The social distancing parameters of Covid-19 and concerns about human contact and hygiene have created a rapidly escalating trend for…
The man in our house has a cough – it’s a nagging sound that I hear each time it arrives and it always gets worse. He does little to help himself. Instead, he’s in the camp of fighting the cough “naturally.” He’ll sweat it out with a bike ride in the rain. It will eventually end in a trip to the doctor and antibiotics.
I don’t have much sympathy, and in the middle of the night a kick in the leg is what he gets to go find himself the couch.
When I get sick – and it’s very rarely – I go to bed, I take drugs and manuka honey, I rest and I get better.
I also can’t stand snotty noses, and children who are sent to school or childcare with it pouring out … usually because they are wearing nothing much more than a t-shirt and don’t have a hanky. They are contagious. They will infect mine. And I will have to take time off work to look after the first, then the second, third, fourth and now fifth. And then I’ll catch it.
The house goes down, and I go with it. Then I’m behind, all because some other parent didn’t take their responsibilities seriously, and neither did the school. Sick children should be sent home. And so should adults. Stay away. You are no good and what’s more you’ll take more of the workforce with you.
I prepare for winter. Like it or not my children are dressed for the conditions. Forced to wear skivvies, hats, scarves, itchy woollen singlets and home-knitted unfashionable jerseys. They also have a waterproof parka, because they walk and bike to school … rain, hail or shine. Heaven help them if I catch them with it not on (I do the drive by).
“But you can’t catch a cold from being cold.” Sorry, you can. I know. I have proof. It’s based on common sense. Your temperature goes down, you start to shiver and your nose starts to run. And if you don’t warm up, your defenses go down and you catch a bug.
Defense – that’s the first way to reduce your risks.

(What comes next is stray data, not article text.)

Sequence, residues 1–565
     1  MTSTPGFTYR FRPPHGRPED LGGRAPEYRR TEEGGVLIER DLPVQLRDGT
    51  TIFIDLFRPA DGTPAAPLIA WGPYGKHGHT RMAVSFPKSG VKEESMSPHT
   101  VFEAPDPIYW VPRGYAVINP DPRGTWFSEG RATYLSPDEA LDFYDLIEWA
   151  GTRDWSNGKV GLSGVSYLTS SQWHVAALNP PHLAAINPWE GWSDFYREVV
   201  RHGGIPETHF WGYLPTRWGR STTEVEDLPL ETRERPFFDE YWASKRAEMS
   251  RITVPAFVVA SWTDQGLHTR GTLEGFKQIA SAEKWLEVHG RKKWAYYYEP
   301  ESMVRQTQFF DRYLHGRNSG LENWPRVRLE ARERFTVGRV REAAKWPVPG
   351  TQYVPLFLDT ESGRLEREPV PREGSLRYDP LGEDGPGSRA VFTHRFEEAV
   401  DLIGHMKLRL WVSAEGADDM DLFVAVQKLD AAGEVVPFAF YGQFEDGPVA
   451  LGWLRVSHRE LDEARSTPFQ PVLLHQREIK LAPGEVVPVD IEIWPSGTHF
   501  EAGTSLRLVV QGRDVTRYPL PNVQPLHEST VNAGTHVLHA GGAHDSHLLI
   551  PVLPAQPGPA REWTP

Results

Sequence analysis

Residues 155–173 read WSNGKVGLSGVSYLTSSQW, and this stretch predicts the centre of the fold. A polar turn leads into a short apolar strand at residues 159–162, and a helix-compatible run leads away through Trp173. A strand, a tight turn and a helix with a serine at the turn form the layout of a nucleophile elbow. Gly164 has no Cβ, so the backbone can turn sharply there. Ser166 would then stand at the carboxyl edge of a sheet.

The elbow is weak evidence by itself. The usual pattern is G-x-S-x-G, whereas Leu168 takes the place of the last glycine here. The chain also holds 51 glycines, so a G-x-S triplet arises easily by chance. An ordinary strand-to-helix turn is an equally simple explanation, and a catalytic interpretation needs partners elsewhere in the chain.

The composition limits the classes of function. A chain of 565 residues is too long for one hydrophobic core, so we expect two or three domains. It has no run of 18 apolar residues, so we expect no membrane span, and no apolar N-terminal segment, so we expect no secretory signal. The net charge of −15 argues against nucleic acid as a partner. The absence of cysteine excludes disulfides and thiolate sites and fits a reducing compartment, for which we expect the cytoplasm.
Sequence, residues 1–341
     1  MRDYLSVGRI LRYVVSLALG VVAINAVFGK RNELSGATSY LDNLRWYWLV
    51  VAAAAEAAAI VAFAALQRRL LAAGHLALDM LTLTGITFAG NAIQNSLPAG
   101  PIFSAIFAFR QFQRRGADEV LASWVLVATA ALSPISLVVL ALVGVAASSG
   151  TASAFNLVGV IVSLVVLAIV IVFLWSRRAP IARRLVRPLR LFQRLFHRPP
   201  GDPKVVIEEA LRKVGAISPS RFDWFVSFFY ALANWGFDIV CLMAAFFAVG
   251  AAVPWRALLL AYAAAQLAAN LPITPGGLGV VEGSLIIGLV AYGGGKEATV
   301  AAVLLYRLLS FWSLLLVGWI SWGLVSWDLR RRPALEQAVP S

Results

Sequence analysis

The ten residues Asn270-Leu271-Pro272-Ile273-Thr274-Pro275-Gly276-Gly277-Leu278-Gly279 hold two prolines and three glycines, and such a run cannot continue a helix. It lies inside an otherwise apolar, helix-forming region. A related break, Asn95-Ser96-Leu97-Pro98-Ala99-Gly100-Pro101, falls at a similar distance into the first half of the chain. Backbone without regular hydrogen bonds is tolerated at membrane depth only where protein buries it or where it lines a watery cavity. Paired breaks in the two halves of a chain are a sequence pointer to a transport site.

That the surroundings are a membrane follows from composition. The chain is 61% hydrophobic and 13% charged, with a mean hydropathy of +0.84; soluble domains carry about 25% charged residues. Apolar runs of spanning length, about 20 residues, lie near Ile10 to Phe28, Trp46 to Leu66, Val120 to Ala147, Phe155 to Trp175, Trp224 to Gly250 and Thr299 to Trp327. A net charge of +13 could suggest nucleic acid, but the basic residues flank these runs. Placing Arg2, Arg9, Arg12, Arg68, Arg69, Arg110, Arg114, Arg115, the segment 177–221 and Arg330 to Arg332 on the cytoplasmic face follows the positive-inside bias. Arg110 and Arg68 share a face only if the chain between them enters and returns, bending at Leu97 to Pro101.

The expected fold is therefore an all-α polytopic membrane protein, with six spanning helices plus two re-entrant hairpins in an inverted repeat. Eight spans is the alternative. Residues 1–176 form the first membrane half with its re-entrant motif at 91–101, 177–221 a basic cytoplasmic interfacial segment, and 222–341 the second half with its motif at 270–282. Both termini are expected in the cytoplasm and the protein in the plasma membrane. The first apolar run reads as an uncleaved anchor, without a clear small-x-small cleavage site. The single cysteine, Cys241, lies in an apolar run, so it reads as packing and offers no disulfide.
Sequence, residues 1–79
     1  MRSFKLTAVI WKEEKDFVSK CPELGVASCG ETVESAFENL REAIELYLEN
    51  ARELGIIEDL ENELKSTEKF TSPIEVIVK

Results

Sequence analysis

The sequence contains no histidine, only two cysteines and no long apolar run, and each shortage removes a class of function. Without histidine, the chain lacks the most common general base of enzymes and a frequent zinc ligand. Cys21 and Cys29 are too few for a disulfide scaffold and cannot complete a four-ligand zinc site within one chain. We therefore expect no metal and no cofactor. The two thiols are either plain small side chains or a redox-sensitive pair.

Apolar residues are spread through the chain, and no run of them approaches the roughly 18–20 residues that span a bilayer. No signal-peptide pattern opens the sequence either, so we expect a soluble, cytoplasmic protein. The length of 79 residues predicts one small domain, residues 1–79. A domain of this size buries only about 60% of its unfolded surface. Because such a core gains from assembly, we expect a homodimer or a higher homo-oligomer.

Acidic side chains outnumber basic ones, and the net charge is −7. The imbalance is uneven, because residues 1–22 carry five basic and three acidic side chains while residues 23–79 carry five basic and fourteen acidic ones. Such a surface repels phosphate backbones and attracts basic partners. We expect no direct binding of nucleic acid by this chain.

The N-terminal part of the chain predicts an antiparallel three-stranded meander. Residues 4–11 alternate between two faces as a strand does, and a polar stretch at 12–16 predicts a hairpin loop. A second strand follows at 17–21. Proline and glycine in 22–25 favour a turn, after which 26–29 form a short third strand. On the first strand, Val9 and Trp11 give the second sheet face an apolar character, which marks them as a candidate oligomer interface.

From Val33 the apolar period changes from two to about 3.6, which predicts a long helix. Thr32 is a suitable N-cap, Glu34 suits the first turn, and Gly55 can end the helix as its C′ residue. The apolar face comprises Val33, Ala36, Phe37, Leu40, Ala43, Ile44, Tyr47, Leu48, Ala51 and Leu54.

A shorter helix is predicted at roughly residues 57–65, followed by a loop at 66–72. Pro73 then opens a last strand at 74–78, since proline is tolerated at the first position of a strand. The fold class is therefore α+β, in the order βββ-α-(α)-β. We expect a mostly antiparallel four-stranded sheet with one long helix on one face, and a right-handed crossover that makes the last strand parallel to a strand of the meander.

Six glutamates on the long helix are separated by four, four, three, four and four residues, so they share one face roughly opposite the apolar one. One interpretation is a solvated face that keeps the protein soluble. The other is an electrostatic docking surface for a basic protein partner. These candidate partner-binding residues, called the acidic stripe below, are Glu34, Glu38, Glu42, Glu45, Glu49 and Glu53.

We have vaccinations for a reason … they strongly reduce your chances of catching a killer disease. That’s right, they protect your children (just like seatbelts and fences around pools).
When I took my first baby to have her jabs I thought little of it. Now, nearly fourteen years on, it’s not something to mention. We almost sneak them in, just in case someone challenges you. “Are you sure you want to vaccinate?” Where did all this come from?
If one of these anti-vaccine campaigners happened to challenge me with babe-in-arm, they’d be seeing stars. Because I’m a lioness and you don’t mess with my cubs.
I’m not saying I feel completely good about it. My five girls will each face a decision about the new human papillomavirus cervical cancer vaccine. A decision that as teenagers they will respectively make.
Until then, I am in charge, in control and I take this very seriously. Even more so after one of them caught whooping cough between the vaccination course and stopped breathing. We raced in the ambulance to the hospital. A lumbar puncture and five days in isolation send a big wake up call about how precious life is, how quickly things can change and how children are defenseless.
This month all but the man of the house (because he thinks he’s tougher) for the first time had a flu jab, brought on by the swine flu. We took it in stride, even me who has never had the flu and fears needles.
On top of this we all take a course of Buccaline (on my great grandmother’s advice) to protect against cold complications. You do it every twelve weeks through the winter and it costs about $13 a dose. And then there’s malt, and Vitamin C.
With my defenses in place we’re as protected as we can be … against all those others who won’t or can’t be bothered. We’ll still be on the netball court in the pouring rain, soaked to the skin. But we’ll be home for hot showers and milos, and we’ll get through another winter.